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A new art exhibition focuses on the climate crisis, set against the crashing waves of the Pacific.

A new art exhibition focuses on the climate crisis, set against the crashing waves of the Pacific.

Since 2003, the San Francisco-based FOR-SITE Foundation has centered “art about place,” mounting affecting exhibitions at Fort Mason Chapel (2017’s “Sanctuary,” examining “the basic human need for refuge, protection, and sacred ground” through a series of contemporary handmade rugs), Fort Winfield Scott (2016’s “Home Land Security,” which activated former military structures in the Presidio), Alcatraz Island (2014’s ​​”@Large: Ai Weiwei on Alcatraz”), and other sites. With its latest, “Lands End,” opening to the public on Sunday, the setting is San Francisco’s historic Cliff House, a former restaurant and ballroom built in the mid-19th century. 26 artists from 14 countries are taking part in this response to the climate crisis. They use photography, sculpture, painting, sound, and sound to look out over the Pacific Ocean.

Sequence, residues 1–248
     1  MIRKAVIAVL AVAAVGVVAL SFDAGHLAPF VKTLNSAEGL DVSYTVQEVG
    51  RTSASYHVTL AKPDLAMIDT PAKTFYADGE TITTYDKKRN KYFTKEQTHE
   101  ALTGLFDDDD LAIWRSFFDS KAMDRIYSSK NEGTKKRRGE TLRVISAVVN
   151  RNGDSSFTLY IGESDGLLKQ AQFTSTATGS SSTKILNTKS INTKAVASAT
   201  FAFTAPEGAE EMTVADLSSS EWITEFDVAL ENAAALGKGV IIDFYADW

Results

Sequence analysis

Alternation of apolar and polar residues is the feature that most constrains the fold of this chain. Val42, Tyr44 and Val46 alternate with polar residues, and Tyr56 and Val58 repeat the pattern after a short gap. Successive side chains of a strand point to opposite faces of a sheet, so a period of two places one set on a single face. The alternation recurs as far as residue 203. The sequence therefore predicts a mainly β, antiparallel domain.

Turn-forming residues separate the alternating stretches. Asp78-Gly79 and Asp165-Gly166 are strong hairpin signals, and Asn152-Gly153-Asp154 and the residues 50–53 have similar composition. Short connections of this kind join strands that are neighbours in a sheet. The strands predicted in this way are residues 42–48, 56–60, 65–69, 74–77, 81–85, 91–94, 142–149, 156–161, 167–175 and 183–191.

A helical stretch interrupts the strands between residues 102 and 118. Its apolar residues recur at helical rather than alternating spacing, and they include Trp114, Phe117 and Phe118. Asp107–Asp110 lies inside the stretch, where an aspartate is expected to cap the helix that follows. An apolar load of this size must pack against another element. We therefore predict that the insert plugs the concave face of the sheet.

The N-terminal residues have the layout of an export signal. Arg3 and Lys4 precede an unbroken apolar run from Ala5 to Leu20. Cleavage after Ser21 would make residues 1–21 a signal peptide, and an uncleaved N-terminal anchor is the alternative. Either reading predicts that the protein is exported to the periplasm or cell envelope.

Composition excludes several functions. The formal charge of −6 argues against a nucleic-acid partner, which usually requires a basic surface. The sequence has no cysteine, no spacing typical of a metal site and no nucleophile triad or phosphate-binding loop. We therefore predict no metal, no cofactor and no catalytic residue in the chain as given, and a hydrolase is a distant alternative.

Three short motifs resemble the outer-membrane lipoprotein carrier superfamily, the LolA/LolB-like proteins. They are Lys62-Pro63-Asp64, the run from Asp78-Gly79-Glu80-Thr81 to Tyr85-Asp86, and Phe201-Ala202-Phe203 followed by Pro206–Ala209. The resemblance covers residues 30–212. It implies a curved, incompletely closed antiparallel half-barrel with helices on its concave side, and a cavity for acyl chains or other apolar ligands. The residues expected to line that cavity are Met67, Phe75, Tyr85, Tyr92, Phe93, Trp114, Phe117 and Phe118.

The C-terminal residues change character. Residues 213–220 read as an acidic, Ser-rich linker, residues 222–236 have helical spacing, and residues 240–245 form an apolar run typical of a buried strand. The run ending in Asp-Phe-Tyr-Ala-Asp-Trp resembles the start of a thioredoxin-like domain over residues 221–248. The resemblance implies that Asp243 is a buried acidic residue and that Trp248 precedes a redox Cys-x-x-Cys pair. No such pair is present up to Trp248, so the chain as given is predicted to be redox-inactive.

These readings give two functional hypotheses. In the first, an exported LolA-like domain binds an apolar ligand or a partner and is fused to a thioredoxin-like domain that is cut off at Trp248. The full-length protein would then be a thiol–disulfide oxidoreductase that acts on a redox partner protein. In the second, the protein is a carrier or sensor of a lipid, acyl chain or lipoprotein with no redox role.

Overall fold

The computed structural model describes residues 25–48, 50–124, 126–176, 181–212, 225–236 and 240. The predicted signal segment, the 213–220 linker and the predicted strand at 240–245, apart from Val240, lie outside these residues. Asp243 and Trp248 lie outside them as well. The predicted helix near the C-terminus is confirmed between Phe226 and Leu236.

“It was an appropriate venue from a number of perspectives,” says curator Cheryl Haines, the founding executive director of FOR-SITE and principal of Haines Gallery. “From inside the building, you feel you’re cantilevered out over the edge of the ocean. It’s a very energized space, and it makes you acutely aware of how important the sea is to our existence here; how fragile and changeable it is.” All of that “opens your mind to greater issues, and the fact of a global connectivity,” she adds. 

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Illustration of the Cliff House from 1872 Photo by Getty Images

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